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11 Social Media Marketing Strategies for Ecommerce Websites

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Social media is one of those things, like high waisted shorts or people still using the hashtag #nomnoms, that you either love or really hate.

But, if you’re an ecommerce company, it can be kind of cringe-worthy.

Between Facebook, Instagram, and new social networks like Vero and Steemit, where do you start?

As Brent Csutoras, co-owner and adviser of Search Engine Journal, puts it:

“In 2019, businesses need to really take the time to understand their customers and how they interact with the brand on each social media site, and then engage with them in the right tone, with the right medium, and in their communities.”

So to help get your ecommerce website one hell of a social media strategy, I’ve picked out 11 tips to share on four top social networks to drive sales.

Facebook

Tip 1: Go Live

Stop scheduling your promoted posts, put your content calendars away – Facebook is testing a new ecommerce tool for Facebook Live that allows Pages to display products in their stream.

Then, viewers can purchase through screenshots.

Jeff Higgins saw the first sighting:

Think of this like a QVC or Home Shopping Network.

I know, I know, just another Facebook feature. But it works.

Emily Ley sold 2.28x more planners in May 2018 launch compared to the previous year’s launch with help from Facebook Live video and ads.

Tip 2: Link to Facebook Messenger from Your Website

Facebook Messenger has more than 1.3 billion monthly active users.

However, it’s still a huge sales channel that ecommerce brands are missing.

Once you get your Facebook Messenger set up, you need to link it to your site.

After you link it to your site, Facebook Messenger will show product updates, price changes, and give you the ability to provide customer support.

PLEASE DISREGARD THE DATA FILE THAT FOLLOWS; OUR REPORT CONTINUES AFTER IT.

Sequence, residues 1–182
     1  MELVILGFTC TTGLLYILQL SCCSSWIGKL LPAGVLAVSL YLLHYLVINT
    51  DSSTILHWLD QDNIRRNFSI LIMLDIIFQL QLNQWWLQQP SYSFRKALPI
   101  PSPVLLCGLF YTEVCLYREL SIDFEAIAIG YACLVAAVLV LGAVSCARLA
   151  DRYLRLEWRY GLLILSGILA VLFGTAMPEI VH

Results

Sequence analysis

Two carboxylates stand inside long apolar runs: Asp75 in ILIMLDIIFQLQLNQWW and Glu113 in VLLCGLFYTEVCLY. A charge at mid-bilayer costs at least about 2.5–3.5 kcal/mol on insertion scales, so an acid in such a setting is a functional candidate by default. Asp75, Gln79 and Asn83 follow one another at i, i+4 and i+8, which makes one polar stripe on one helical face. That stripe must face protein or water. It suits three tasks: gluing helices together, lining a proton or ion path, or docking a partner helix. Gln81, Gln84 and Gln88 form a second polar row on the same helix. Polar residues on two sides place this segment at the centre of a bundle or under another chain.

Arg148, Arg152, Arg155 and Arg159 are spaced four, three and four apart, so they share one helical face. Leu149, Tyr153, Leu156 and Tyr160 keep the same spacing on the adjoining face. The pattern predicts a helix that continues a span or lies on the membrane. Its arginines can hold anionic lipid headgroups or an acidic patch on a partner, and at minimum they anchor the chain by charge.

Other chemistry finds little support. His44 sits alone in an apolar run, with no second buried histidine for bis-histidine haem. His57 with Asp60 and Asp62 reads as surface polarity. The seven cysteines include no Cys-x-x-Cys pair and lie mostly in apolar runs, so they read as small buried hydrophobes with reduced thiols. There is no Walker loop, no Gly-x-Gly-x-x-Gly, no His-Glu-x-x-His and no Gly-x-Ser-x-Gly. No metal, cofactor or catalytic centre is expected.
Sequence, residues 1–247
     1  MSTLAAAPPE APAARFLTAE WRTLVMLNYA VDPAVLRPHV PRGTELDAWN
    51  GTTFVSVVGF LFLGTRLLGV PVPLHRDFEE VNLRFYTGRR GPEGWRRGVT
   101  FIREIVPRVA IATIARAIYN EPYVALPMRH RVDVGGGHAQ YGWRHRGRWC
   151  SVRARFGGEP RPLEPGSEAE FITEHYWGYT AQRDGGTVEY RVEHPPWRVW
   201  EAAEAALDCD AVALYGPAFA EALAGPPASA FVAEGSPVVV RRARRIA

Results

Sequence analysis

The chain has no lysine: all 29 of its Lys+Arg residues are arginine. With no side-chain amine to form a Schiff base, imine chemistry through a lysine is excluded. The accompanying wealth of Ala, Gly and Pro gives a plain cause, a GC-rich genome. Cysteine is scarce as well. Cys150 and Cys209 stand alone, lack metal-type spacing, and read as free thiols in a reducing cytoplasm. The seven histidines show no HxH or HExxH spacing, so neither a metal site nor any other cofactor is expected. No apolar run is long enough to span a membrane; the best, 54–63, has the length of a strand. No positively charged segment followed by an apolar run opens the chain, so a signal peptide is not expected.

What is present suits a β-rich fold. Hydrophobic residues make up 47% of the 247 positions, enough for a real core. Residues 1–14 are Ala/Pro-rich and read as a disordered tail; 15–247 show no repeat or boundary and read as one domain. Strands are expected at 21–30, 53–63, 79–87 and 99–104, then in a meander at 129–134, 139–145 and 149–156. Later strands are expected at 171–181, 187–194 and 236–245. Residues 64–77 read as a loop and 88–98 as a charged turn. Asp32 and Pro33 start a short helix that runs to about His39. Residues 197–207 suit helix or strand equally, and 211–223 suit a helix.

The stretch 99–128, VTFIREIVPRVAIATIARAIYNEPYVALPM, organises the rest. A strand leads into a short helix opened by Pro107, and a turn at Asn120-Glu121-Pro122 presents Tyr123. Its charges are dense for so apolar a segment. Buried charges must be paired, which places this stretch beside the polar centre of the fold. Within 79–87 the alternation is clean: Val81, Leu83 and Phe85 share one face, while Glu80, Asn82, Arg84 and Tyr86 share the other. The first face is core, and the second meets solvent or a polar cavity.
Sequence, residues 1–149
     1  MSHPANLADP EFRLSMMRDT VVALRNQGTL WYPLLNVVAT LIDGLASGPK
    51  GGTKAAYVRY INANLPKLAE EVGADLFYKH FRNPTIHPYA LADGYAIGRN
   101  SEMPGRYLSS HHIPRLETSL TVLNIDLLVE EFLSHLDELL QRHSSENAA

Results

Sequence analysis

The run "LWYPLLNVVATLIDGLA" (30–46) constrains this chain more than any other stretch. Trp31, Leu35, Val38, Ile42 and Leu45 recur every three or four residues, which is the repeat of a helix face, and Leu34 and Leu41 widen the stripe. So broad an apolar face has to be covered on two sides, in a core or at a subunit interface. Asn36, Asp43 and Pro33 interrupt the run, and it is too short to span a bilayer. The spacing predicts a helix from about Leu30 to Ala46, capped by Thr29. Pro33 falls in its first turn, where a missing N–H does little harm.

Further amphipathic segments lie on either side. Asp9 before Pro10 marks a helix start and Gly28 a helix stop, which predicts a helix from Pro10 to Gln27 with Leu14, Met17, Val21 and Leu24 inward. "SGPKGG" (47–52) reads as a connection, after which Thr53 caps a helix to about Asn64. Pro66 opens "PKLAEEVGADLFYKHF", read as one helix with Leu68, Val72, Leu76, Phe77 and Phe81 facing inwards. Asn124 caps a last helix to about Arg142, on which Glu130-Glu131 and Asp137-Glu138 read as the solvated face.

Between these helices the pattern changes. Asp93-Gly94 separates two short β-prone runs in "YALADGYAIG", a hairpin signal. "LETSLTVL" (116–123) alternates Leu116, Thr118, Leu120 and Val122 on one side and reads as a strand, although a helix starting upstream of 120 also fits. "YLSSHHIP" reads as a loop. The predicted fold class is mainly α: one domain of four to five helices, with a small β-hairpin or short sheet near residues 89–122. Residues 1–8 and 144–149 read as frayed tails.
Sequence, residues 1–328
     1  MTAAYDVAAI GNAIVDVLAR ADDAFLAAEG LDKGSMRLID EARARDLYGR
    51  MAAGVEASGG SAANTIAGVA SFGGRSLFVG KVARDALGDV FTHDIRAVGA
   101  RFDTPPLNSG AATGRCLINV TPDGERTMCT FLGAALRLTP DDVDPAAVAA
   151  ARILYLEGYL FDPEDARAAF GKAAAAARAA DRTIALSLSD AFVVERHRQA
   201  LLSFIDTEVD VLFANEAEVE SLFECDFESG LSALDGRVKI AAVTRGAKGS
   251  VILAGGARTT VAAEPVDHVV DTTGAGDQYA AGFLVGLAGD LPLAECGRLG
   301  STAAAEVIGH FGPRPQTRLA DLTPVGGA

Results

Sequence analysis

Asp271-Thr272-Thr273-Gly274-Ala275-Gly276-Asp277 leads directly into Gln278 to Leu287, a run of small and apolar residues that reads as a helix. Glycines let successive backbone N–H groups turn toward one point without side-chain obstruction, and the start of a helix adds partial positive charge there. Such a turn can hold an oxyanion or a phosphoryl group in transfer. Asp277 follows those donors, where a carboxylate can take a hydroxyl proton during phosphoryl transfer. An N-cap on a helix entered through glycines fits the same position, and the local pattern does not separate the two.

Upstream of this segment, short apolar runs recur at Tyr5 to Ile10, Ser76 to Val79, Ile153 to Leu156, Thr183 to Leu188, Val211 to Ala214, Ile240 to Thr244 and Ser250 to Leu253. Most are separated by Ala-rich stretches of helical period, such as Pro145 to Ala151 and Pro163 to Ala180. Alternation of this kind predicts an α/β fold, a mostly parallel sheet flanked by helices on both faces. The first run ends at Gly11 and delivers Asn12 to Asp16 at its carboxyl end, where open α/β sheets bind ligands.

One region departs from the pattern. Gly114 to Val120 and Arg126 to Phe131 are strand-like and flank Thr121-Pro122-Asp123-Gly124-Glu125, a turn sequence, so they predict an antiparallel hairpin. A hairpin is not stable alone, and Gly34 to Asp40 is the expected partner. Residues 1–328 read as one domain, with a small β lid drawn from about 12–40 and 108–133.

Want proof?

In one day, this brand generated 254 orders and $23,987.64 in revenue with Facebook Messenger.

And, you better get on this soon. Facebook has a patent that allows users to pay for products through Messenger.

Tip 3: Invest in Facebook Ads

As the old saying goes, “you’ve got to pay to play.” And, that’s true with Facebook.

The good news is that Facebook offers a variety of ads for ecommerce websites.

For example, PupSocks spent $1 million in 30 days to gain $4 million in sales.

How did they do it?

They started with boosted posts then turned the top performing post into an ongoing ad campaign.

Whereas MVMT tested multiple Facebook ad formats like video and carousel to help them grow from zero to $90 million in less than 5 years.

Instagram

Tip 4: Start Using Shoppable Posts

It may still be the reign of Facebook (pause for a united ughhh!), but I’m detecting the rise of Instagram.

Enter: Shoppable Posts.

This functionality originated in 2018 and unintentionally changed the ecommerce social media landscape.

Spearmint LOVE, an eco-friendly children’s clothing company, saw a 25% increase in traffic and an 8% increase in revenue after using Instagram’s shoppable posts.

Lulus, a womenswear brand, received over 100,000 visits to their website and 1,200 product orders after using shoppable posts.

Shoppable posts give brands the opportunity to showcase their storefront within the social network.

Businesses can use shoppable posts in standard image posts and Stories.

Tip 5: Grow Your Followers

While growing your followers on Instagram may seem like common sense for any business, there are additional perks.

When an Instagram account gets more than 10,000 subscribers, you have the opportunity to add direct links into Stories. This will take a user to your website with one swipe.

Ecommerce brands can also create multiple folders for their Stories.

These folders can be used as categories of your website like “Semi-Annual Sale” or “Best Sellers.”

Tip 6: Start Thinking about IGTV

IGTV hasn’t taken off yet for ecommerce brands like the other Instagram features. However, Instagram’s Collections may be the starting point.

The new IGTV layout resembles Pinterest, especially with their Collections.

If you wanted to showcase an outfit from clothes from your store, brands could add a collection of items you wore. This includes shoppable posts. This will likely take shape further in 2019.

And, IGTV isn’t the only new feature for ecommerce brands that Instagram is rolling out.

Word on the street is that Instagram developers are building native payment options.

Soon, Instagram users will be able to book movie tickets, restaurants, or potentially buy without being redirected to the website.

Pinterest

Tip 7: Add Shop the Look to Your Pins

With new updates from Facebook and Instagram hitting the scene on what feels like a daily basis, it can be easy to forget about social networks like Pinterest.

But, with the announcement of Pinterest’s IPO, this changes the game for ecommerce brands.

Pinterest will now compete with Google as it looks to increase ad revenue through direct response, on-platform purchases, and better contextual discovery with its ‘Shop the Look’ Pins.

You can see brands like Timberland already using the new tool with the help of Pinterest partner Olapic.

pinterest-shop the look

Want more good news? Kunlong Gu, Engineer for Pinterest, announced it would be automating this ‘Shop the Look’ process.

Tip 8: Dedicate a Budget to Promoted Carousel Ads